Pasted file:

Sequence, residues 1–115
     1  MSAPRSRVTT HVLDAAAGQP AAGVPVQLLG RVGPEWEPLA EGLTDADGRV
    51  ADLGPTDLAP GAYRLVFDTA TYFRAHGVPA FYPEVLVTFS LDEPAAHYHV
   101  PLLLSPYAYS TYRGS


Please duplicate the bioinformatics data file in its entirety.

Sequence, residues 1–115
     1  MSAPRSRVTT HVLDAAAGQP AAGVPVQLLG RVGPEWEPLA EGLTDADGRV
    51  ADLGPTDLAP GAYRLVFDTA TYFRAHGVPA FYPEVLVTFS LDEPAAHYHV
   101  PLLLSPYAYS TYRGS